"I've seen a number that are very good," he says. "They keep the values of the original film print. And then I've seen others that aren't too good. Too bright, or they're not sharp enough, not quite vivid enough. They don't quite get color just right. Skin tones especially tend to be a little bit off; too pinkish or purplish, even."
Here we perhaps enter the domain of connoisseurs, whose eyes are as educated as the palates of wine tasters; or maybe, as with fine vintages, the rest of us don't know what we're missing.
Soon it may not matter. There is no question that digital cinema is here to stay.
A more consistent medium
Movies work, basically, because your eyes are dumb. They like to hold onto the last thing they've seen. This persistence of vision is why a photographs shown in rapid rapid succession appear to merge, portraying motion. Since the late 1920s, the standard has been 24 pictures, or frames, per second.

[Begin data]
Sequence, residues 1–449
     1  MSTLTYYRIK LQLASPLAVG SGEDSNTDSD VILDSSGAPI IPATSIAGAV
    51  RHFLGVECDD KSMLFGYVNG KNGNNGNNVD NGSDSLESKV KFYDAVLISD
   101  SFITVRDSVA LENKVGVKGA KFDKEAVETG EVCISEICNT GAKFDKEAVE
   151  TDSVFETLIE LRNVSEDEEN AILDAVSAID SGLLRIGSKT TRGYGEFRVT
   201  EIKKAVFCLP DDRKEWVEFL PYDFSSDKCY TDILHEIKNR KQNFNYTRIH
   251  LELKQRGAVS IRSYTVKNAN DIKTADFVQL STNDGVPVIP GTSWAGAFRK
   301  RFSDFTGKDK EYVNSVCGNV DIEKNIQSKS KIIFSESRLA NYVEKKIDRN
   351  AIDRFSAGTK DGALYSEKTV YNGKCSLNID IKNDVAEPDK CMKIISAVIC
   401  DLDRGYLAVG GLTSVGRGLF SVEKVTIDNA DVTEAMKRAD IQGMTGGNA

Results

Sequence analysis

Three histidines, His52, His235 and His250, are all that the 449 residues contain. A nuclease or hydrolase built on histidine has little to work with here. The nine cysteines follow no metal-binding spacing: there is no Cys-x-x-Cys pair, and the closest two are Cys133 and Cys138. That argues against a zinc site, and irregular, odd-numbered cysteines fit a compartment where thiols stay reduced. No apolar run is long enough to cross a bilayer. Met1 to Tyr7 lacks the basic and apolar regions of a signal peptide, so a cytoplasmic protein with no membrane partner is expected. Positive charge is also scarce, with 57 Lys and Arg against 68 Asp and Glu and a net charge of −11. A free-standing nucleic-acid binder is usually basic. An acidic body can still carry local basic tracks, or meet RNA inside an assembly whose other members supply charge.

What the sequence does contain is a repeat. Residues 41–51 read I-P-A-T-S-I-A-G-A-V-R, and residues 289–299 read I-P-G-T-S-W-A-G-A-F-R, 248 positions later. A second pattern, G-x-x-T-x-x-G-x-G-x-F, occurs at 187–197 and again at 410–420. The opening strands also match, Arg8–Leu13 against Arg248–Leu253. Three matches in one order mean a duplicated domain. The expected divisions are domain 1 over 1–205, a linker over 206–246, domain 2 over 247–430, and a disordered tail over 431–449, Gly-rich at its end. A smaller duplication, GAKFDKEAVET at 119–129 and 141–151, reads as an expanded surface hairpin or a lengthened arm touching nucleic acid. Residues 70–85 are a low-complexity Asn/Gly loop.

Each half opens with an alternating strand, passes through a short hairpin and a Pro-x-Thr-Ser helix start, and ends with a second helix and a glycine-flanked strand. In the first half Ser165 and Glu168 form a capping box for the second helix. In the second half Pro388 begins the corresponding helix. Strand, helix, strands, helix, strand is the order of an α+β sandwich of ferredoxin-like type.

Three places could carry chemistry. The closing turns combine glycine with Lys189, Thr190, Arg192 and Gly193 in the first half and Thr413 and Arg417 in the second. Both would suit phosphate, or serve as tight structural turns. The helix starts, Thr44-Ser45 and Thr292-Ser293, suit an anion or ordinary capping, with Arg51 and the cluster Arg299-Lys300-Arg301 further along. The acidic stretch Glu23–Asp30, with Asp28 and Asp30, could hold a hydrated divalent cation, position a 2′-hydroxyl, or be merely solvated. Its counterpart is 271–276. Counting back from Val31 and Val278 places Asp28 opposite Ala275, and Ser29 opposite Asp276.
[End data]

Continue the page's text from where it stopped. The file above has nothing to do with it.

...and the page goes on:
With digital, it's easy to change the frame rate. For example, director Peter Jackson decided in 2011 that his Hobbit series would be filmed and projected at 48 frames per second, to provide a greater sense of reality.
"I found it kind of nauseating to watch, actually," says Healy. "I know Peter Jackson thinks it's the future of cinema, but I felt it was like watching a high-end soap opera on a giant TV. It had that kind of glossy video look."
Cinematheque and Sundance maintain the best of both worlds. "We always keep 35mm [projectors] at all of our locations, as we host film festivals at all theaters," says Endrizzi-Ray. "In addition, once in awhile a film like Interstellar will be released in 35mm by the request of the filmmakers, and it's wonderful to have that flexibility."
Warner Bros. and Paramount's Interstellar is something of a cinematic Custer's Last Stand, released in October in a staggering variety of formats, including 35mm Cinemascope, 70mm Cinemascope, 70mm IMAX and digital. This was done as protest on the part of its creators, in an effort to keep filmed release viable.
For around 20 years almost all movies have been edited digitally however. It's simply easier and more efficient. Digital is also more efficient for many exhibitors.
These days, theaters can obtain motion pictures in two ways. Some, including Madison's Sundance, receive a hard drive. Other theaters, especially chains, choose satellite downloads.